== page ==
Those of you who read my weekly e-letter know I just joined a gym. I had been inactive (exercise-wise) for about a year and a half. I had also gained twenty pounds. As I have so rudely discovered, these things do not result in all things beneficial.
It occurred to me that I needed to stop living the good life and get down to brass tacks. I’ve never been exactly sure why brass tacks are the epitome of hard work, but I guess it’s as good a term as any for the not-so-good-life. The good life is now behind me, and I have joined the ranks of Charles Atlas and the like (hopefully).
“Endorphins and All That”
I had been away for so long (and had amassed such a lipoid-ridden midsection) that I realized I had better ease back into the aerobic process. After all, I’ve heard one can get addicted to exercise—endorphins and all that (I don’t know what those are, but they sound like trouble). I don’t want to compound my health problems by becoming an addict. I’m hoping to be able to quit any time I want.
So last week I went back to the gym with the full intent of easing my way into things. When I arrived for the first time, I was told to swipe my new ID card, which would acknowledge my presence. That was the only instruction I was given. When I swiped my card, a voice said, “Welcome.” I didn’t want to be impolite, so I stopped and spoke to the unknown host for a few minutes, only to discover I was speaking to an electronic device. I should have known.
As I entered the area of no return, I spotted a bench. This was particularly fortuitous considering I was amped up to take it easy on my first day back in action. So, I lay down on the bench and took a nap. I’m not sure how long I was there, but it proved to be a fine start on my road to recovery. When I awoke, I stood up. Having the sense that all this up and down action had been enough for one day, I did some speed walking—back to my Jeep, which I drove home.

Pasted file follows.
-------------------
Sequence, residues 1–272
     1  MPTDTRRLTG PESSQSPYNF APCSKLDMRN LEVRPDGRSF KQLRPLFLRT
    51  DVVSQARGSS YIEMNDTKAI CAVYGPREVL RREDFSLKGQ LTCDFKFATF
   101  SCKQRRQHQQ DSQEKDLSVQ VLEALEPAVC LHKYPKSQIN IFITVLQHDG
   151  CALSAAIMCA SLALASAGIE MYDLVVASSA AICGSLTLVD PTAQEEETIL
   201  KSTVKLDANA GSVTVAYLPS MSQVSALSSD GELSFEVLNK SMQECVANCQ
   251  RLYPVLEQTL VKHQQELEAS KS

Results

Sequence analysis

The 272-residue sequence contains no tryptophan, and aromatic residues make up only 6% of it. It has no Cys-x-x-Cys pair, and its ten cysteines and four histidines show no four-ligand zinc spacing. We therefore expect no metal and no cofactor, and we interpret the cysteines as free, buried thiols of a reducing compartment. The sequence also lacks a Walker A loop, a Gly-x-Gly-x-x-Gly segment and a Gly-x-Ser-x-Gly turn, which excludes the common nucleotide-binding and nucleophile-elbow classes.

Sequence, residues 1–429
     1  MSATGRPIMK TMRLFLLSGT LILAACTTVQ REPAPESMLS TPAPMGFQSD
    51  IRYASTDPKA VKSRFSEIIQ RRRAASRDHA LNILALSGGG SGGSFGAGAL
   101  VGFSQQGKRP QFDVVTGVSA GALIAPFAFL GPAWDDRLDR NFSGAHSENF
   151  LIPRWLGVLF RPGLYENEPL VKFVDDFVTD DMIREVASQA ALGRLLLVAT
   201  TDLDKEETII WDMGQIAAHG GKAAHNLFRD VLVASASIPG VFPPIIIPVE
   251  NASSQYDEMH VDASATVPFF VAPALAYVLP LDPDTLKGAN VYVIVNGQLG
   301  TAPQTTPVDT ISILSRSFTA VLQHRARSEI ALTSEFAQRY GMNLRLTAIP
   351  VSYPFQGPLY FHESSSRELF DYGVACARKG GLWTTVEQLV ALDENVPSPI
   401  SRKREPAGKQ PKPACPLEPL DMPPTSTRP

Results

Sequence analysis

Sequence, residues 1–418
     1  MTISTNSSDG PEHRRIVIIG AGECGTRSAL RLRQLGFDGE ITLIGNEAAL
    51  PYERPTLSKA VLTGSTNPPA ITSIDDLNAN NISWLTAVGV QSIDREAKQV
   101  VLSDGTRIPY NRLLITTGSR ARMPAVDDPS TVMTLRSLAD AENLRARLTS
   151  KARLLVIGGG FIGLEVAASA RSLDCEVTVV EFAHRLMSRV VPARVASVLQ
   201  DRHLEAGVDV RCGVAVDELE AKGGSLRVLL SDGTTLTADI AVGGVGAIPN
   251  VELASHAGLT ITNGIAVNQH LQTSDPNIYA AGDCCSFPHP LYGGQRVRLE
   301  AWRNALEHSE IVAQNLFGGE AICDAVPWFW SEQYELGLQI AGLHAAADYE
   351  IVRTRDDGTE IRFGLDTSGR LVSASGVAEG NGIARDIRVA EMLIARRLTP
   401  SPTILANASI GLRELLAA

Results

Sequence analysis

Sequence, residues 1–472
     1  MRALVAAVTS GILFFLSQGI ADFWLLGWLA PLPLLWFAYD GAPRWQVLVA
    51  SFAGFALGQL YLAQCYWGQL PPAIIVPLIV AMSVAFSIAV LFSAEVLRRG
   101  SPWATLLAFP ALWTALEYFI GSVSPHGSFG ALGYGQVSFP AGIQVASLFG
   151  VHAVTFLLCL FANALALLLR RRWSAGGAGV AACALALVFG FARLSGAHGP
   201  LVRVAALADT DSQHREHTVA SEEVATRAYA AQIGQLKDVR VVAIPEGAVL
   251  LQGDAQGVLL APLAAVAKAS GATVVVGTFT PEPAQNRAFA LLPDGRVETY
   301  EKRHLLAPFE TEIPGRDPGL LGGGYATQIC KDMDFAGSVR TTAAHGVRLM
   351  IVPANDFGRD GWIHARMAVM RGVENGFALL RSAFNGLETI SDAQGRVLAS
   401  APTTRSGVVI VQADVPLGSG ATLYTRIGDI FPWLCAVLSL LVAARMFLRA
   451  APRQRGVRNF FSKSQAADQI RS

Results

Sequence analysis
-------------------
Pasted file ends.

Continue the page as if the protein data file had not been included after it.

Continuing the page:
Frankly, I had expected my body to be a tad more achy and sore after my first day in the gym. I was surprised to find that I felt perfectly fine. Apparently, I’m in far better shape than I had first surmised. This isn’t going to be so bad after all.
I should have known everything would be okay. I was an athlete in high school. True, that was fifty years ago, but who’s counting. Certainly not me… The Apostle Paul once wrote, “I discipline my body like an athlete, training it to do what it should. Otherwise, I fear that after preaching to others I myself might be disqualified.” (New International Translation) Since I’m a preacher, I guess I should do likewise.
[Dave Zuchelli is a graduate of Pittsburgh Theological Seminary and currently resides in Aldie, VA.]